If you’ve ever been in a relationship or listened to the musical stylings of Neil Sedaka, you know that breaking up is hard to do.
It’s not really all that surprising. If you’re around someone for a long period of time you grow an attachment to the person, or at least the idea of them. Whether a breakup is warranted or not, people tend to be overly irrational when it comes time to actually go through with it (just ask Tom Cruise, Katie Holmes and their lawyers). Even if they’ve planned the breakup they become hesitant and emotional. After the fact, for weeks, usually one party or both stumbles around as if they were an extra in The Walking Dead. Despite all of this, the worst kept secret in the world is that in most cases, moving on is the best thing to do for everyone involved.
The same is true in sports. Fans grow close to players over the years, emotional connections form and rationality tends to go out the window. That’s what makes us sports fans: being passionate about things regardless of what anyone thinks. But, much like in a real relationship, that emotion doesn’t come in handy when a player and a team part ways.
My first experience with the pain of sports separation, and I’m sure I’m not alone, came back in 1996. On August 19 of that year my favorite NBA franchise dealt my favorite NBA player to a bitter rival. That deal of course was the one that sent Charles Barkley, arguably the greatest Sun of all-time, to the Houston Rockets in exchange for four players – three of which wouldn’t be on the roster a year later – and a draft pick.
It felt like a betrayal any way I looked at it. In my head all I could see was the scene from the Godfather Part II where Michael Corleone grabs his brother Fredo, kisses him and says: “I know it was you, Fredo. You broke my heart. You broke my heart!” In this case though, both Barkley and the Suns were Fredo. The former MVP had forced a trade to a team that had ruined two of the Suns’ three best title chances in the ‘90s, and the Suns’ ownership was a willing accomplice.
It felt like the darkest of days. Like nothing would ever be right again as a Suns fan.
I was wrong.
Just four months later the Suns landed the top young point guard in the NBA, Jason Kidd, from the Mavericks and all was right with the world.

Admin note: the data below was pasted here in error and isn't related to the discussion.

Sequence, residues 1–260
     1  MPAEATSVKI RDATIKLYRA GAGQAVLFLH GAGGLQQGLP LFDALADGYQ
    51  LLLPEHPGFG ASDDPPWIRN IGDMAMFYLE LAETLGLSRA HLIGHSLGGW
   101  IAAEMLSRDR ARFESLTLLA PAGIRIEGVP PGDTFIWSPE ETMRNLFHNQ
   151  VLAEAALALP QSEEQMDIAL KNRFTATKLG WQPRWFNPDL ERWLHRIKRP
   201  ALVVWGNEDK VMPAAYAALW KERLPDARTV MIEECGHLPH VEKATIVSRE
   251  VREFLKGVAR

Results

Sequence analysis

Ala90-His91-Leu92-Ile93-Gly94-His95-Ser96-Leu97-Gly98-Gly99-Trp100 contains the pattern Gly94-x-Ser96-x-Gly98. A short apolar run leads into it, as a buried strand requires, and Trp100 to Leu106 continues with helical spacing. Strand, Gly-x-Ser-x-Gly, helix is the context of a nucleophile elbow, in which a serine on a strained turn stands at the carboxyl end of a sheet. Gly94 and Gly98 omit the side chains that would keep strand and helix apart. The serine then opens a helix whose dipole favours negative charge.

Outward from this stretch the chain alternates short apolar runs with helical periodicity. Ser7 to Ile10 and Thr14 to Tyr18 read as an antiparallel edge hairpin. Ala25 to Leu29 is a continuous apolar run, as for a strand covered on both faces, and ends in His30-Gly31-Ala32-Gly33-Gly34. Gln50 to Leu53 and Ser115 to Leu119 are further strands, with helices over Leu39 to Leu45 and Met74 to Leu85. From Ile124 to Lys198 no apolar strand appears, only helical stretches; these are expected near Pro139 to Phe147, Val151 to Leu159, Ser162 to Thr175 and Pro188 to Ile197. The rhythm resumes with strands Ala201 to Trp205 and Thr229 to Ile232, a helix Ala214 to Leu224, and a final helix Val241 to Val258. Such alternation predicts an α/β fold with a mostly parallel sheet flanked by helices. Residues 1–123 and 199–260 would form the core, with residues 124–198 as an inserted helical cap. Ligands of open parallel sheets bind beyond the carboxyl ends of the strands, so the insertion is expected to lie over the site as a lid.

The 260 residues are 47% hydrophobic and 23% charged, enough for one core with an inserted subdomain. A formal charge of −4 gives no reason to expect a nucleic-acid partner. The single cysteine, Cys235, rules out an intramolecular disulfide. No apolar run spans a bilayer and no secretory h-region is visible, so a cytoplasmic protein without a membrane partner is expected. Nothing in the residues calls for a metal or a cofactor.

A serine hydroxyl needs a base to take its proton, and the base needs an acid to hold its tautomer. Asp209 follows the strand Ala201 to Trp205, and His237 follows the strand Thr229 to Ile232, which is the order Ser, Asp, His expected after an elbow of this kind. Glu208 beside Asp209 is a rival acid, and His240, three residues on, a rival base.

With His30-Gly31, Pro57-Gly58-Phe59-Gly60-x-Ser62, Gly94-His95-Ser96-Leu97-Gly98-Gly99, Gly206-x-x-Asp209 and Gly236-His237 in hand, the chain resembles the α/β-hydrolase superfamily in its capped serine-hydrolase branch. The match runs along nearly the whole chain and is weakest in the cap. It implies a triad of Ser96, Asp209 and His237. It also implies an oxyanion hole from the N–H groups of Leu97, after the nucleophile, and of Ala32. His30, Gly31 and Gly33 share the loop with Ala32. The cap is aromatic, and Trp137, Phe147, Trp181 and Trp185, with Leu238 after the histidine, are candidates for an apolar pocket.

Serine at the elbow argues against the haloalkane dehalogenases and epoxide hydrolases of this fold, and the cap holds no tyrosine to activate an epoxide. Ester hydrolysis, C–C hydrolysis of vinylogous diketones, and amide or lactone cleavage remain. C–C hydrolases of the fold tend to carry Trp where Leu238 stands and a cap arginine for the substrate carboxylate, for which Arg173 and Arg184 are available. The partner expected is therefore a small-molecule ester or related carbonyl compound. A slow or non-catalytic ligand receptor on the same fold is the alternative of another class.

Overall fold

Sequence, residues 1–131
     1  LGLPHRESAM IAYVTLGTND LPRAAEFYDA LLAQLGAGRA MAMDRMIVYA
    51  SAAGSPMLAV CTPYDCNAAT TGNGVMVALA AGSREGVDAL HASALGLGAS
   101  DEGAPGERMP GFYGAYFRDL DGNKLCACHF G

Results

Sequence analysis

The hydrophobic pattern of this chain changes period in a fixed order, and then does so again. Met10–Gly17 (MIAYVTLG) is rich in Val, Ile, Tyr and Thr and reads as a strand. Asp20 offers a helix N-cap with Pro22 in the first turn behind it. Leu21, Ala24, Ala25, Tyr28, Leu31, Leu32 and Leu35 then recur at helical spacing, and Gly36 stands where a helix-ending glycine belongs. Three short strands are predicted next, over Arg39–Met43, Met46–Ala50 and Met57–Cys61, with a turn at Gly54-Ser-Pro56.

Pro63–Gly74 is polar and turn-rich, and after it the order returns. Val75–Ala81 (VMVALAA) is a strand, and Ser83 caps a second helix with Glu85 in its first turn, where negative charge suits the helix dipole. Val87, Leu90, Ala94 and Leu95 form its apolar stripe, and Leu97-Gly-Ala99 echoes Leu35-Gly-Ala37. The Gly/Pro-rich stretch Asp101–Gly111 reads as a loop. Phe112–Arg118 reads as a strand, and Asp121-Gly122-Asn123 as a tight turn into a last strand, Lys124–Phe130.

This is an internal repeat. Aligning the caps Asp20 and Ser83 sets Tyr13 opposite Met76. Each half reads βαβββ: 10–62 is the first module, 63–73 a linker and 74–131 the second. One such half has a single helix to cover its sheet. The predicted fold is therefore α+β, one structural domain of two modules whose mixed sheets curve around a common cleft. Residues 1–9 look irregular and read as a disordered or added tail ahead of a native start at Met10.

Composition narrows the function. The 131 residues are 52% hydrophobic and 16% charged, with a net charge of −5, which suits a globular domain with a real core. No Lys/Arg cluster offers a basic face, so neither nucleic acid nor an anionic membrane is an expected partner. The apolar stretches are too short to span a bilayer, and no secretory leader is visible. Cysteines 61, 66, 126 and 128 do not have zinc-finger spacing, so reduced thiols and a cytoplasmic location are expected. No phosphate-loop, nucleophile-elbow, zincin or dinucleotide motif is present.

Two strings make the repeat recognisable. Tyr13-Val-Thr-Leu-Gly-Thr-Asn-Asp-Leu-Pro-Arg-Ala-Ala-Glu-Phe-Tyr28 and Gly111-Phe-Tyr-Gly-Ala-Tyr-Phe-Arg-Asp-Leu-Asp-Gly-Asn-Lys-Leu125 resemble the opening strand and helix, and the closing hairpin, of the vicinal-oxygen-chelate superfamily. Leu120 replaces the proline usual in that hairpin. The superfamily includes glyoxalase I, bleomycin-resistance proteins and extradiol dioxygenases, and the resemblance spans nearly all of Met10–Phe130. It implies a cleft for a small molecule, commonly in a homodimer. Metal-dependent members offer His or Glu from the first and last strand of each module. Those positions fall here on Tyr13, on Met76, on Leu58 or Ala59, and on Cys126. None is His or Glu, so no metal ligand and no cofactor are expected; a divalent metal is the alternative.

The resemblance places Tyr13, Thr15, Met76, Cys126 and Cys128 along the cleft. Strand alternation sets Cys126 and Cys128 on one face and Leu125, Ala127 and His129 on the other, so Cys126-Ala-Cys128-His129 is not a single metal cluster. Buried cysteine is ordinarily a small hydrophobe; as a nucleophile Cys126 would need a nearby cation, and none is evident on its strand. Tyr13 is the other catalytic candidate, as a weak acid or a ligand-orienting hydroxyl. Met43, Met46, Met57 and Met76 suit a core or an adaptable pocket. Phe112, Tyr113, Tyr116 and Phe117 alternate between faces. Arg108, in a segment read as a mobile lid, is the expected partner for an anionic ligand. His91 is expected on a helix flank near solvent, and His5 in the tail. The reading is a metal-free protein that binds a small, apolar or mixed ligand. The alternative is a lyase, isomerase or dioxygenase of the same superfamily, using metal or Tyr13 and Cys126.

It’s a situation that has played out for generations and generations of Suns fans like Phoenix’s own version of Groundhog’s Day. In the early ‘70s, in the infancy of the franchise, then-GM Jerry Colangelo traded star Connie Hawkins to the Lakers – the team that had beat the Suns and Hawkins in their only playoff appearance – in exchange for Keith Erickson. At the time, Hawkins was one of the main stars of the franchise and had been to four straight All-Star Games. Not exactly a popular trade. Not that it mattered. The Suns made the NBA Finals three seasons later with Erickson on the roster.
It happened again twice in the ‘80s.
In the summer of 1980, the Suns dealt four time All-Star and future Ring-of-Honor member Paul Westphal to the division rival Seattle Super Sonics. Yes, the same Seattle team that disposed of the Suns like a day-old newspaper – for you young people, a newspaper was the prehistoric version of the internet – in the 1979 Western Conference Finals on the way to winning the NBA title. Fans were upset but it worked out all right. Dennis Johnson, who the Suns received in the deal, went on to make two All-Star teams as a Sun and lead the team to three straight playoff appearances, while Seattle missed the postseason one year and didn’t advance further than the Suns the other two.
In 1988, history yet again repeated itself as if it were Groundhog’s Day (wait, I already used that one). With the Suns struggling both on and off the court, Cotton Fitzsimmons dealt star Larry Nance, who had averaged over 17 points, eight rebounds and made an All-Star Game during his five and a half seasons in Phoenix, to Cleveland in exchange for two unknowns and a draft pick. Fans were more livid than someone who hears the song “Call Me Maybe” four times on their drive home. What they forgot to keep in mind is that, as Harvey Dent once said, “The night is always darkest just before the dawn.”
Those two players, Kevin Johnson and Mark West, and the draft pick, Dan Majerle, acquired in the deal turned into fan favorites and the foundation of a new era in Suns basketball. That trade led to 13-straight trips to the playoffs with two conference finals appearances, and this particular group punched their ticket to the 1993 NBA Finals.
Over the years, while players, coaches, uniforms, arenas and even owners change for the Suns, one thing remains constant: the fans. We love the team, not for the players or the peripherals, but because we are emotionally attached to the Phoenix Suns. We are them.
Yes, as history has taught us, breaking up is hard to do, and Suns fans know that it’s true. Like we have done for years, it’s time, yet again, to remember the past fondly and look forward to the future. A new era of Suns basketball is dawning and, like every break up, the best and most exciting part of it is the next relationship.